Friday, June 18, 2010


We’re down to the countdown, the last few days before moving and retirement and enjoying some elegant last suppers with non-parishioners. One especially elegant one with our favorite musician, Mark Nelson and his marriage partner, sousaphoninst baritone and marine, David Oliver. Mark is as versatile and creative with food as he is with notes!

The day before the moving van comes and we are truly deprived with only our bed, clothes for the morrow, dop kits and Ms. Wise our cuddly, guardian mini-owl who will travel with us to our new home piloting from her seat on the dashboard, we will have to be ready—or not.

Yesterday I murmured to accomplice in marriage, Dick, “I want to go back to Egypt!” (Remember the biblical story of people of Israel who in faith followed Moses out of their servitude in Egypt and ended up in the wilderness for forty years whining to go back to Egypt where at least they had meat to eat and daily bread? Luckily God sent quail and manna.)

Food as bodily sustenance and spiritual assurance.

Manna is a weird substance but it contains all the minimum daily requirements of fruits and veggies and it’s not hoarfrost! God in the biblical story “rained bread from heaven” in the form of a fine flaky substance like coriander seed or cotton balls. It tastes like wafers in honey, very sweet—as fine as cotton candy that disappears in your mouth.

Manna is a special blessing which of course moderns have packaged, marketed and sold to pious foodies. Some refer to it as American popcorn, because manna is just as mysterious though less noisy in the making.

But to the ancients manna was a gift from God—unexpected but perfect like a childless over-aged person who suddenly becomes pregnant.
Manna was not quite bread; however, quail was definitely meat!

Even the bitchiest prayers can be acknowledged, satisfied and become blessings.

So I email my friends and tell them to SEND MANNA...or at least some Kentucky Fried ersatz quail.
A former parish warden dropped off some chicken wings at the door to pass for quail but the neighborhood predators, cats and squirrels, got to them first.

And another friend sent a hilarious column Colonscopy Journal by Dave Barry. He tells all and tells it with graphic humor. The best, as we all know who have had this treat(ment), is the preparation potion you drink for colonic purgation called MoviPrep, aka GoLightly. The names are like sheep’s clothing for wolves that explode inside you as they ravage, eliminating any and all refuse.

MoviPrep has become my new name for preparing to move. The process of culling your stuff doesn’t go lightly; nor does it prepare you for anything but pain.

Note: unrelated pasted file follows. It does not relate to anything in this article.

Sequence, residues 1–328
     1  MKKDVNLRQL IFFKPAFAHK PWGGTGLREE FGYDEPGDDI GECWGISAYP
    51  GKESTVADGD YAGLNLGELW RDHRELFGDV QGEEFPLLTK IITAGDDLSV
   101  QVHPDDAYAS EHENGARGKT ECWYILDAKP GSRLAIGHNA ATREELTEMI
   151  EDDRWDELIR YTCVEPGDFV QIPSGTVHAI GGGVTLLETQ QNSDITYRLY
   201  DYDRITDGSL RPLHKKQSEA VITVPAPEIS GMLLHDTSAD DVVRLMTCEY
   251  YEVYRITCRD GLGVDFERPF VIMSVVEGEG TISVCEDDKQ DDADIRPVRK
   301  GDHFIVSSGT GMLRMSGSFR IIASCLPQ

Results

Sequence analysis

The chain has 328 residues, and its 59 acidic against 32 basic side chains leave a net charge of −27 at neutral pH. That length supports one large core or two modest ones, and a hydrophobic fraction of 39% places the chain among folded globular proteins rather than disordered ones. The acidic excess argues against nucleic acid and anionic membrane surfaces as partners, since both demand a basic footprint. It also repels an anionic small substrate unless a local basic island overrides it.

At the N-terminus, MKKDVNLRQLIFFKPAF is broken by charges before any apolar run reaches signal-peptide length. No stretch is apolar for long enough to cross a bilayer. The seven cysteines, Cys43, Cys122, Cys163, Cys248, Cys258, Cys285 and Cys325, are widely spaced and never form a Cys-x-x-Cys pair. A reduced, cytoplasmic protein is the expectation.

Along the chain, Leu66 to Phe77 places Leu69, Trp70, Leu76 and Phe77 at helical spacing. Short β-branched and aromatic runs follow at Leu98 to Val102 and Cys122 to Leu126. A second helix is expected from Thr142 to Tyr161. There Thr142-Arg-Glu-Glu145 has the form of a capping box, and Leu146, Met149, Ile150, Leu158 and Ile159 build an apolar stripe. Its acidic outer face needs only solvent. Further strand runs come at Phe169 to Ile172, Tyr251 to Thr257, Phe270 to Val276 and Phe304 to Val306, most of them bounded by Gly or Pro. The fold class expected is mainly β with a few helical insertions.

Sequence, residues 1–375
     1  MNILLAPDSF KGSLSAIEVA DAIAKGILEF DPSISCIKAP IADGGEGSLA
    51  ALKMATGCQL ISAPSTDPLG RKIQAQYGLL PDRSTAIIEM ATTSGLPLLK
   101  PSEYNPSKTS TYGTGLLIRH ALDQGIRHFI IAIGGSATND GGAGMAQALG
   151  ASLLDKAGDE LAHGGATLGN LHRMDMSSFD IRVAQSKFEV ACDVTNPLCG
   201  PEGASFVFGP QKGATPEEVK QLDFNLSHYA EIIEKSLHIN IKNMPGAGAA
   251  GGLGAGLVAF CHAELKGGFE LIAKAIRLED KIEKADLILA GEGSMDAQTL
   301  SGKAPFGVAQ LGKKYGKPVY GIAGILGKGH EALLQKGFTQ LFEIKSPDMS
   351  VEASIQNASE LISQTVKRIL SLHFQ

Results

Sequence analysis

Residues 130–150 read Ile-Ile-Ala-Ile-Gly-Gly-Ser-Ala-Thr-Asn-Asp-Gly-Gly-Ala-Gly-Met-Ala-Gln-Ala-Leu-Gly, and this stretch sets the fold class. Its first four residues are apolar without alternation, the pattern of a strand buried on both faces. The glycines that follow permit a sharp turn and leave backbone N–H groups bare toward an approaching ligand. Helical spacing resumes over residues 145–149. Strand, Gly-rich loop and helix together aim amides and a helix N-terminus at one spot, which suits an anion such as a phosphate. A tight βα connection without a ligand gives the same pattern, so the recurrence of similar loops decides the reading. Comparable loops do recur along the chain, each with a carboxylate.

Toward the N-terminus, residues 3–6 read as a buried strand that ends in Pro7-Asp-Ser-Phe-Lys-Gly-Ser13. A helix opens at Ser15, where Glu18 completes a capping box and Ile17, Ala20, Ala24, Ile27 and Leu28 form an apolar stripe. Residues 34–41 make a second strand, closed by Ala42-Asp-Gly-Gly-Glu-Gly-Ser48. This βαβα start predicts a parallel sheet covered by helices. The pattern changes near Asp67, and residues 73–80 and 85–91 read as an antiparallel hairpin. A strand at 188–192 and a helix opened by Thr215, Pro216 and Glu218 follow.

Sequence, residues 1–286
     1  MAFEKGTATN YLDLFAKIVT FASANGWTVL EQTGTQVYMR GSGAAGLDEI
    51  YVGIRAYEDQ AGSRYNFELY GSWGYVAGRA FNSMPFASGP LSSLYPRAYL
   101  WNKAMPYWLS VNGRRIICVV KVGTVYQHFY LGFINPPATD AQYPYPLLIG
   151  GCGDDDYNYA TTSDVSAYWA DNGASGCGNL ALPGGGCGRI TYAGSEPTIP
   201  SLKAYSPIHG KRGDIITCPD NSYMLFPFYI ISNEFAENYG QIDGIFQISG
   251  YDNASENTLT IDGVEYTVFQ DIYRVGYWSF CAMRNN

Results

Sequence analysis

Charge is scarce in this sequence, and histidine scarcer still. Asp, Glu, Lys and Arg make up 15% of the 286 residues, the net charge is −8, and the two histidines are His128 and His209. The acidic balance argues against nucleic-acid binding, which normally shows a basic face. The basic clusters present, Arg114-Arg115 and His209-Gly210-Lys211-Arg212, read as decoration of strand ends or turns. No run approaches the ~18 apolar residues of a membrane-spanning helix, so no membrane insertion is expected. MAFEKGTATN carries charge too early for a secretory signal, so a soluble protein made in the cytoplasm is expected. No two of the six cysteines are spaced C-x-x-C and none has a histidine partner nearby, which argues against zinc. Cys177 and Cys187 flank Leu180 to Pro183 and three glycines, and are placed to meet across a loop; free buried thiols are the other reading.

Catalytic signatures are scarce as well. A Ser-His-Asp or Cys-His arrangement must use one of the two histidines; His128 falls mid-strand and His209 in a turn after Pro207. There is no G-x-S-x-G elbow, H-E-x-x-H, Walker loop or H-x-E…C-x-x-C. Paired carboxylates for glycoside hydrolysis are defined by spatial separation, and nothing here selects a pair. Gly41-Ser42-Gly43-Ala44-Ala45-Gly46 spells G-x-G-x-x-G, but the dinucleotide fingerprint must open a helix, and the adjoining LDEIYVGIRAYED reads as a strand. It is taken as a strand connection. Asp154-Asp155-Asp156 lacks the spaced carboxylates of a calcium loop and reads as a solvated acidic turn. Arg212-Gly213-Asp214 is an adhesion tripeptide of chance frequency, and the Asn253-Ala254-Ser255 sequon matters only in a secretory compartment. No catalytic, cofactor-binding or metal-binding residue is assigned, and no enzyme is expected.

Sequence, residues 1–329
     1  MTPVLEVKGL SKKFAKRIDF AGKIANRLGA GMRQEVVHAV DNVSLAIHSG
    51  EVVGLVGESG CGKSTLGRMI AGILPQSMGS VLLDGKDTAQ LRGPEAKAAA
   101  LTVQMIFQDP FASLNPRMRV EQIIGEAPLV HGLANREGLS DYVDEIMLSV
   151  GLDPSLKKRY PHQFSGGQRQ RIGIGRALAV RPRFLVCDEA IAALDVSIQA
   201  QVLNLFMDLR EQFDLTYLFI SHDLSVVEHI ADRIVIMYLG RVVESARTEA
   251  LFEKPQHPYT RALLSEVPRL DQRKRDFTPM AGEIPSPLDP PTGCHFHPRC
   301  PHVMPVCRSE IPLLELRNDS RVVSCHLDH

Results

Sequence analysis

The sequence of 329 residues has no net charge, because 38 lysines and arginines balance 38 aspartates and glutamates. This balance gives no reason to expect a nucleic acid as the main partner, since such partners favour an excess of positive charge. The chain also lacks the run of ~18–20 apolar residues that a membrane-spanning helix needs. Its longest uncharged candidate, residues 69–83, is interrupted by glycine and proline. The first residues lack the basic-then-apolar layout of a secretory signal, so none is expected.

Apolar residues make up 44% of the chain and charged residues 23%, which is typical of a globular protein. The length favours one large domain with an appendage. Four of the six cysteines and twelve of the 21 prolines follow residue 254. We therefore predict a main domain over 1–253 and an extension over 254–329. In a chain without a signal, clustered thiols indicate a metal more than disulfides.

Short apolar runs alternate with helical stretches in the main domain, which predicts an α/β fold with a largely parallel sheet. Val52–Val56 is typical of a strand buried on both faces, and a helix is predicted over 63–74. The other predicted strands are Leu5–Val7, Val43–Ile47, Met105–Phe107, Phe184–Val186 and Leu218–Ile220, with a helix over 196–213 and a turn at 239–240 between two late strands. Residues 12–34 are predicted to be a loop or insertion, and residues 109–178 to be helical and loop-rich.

Your stuff is precious even if you can’t remember what a lot of it was or is. Pitching and doling resembles amputation. And you know how you can feel a missing limb for days, months, years. The car and the beloved eight-foot sofa that just won’t fit were the worst! Cried like a baby in heat.

Humor helps because tears of laughter blend well with tears of sorrow. In fact today this little ditty popped into my brainless mind: Love and sorrow. Love and sorrow. Go together like there’s no tomorrow. Dear sisters and dear brothers, You can’t have one without the other. Pathetic, no? But truisms usually are and we need to keep this one because nowadays love and marriage aren’t as inseparable as we once thought.

So we are in MoviPrep, the wilderness in between—the place where we have set all these prescribed/appropriate (hate that word!) boundaries about no contact with parishioners (the need for them to detach you know) and basically having no friends or feeling as if you have no friends.

So every morning we wander and wonder.

This morning I poured orange juice over my cereal. It tasted lousy but it took me several mouthfuls of the noxious blend to realize it wasn’t milk and Cheerios.

Then later I went to Bed Bath & Beyond to buy two shower curtains for our new abode in Cambridge since cleanliness is next to youknowwho-ness, and came home $224 poorer—a few little items.

On the continuing subject of Last Last Suppers, we’re moving-prepping right along, We should be losing weight with all this stress and strain but instead we’re gaining from all the sumptuous caloric last suppers.

But honestly we don’t mind because we’re crying it all out in grief or losing it in sweat from heavy lifting.

Is there good news? Mmmhmmm. We love our new digs and our new landscape and the one neighbor we’ve met who hooted at us from her top floor window.
And I suppose after it’s all done we will feel lighter and cleaner as you do after the colonic purgation of MoviPrep—ready for a post-colonscopy pigout.

Emptying and fasting is good in spiritual traditions. But so is lavish "delighting in fatness" as the Bible puts it— and abundance of life , God's desire for all Creation.

So, though I swear this won’t be us, immediate accumulation of more stuff!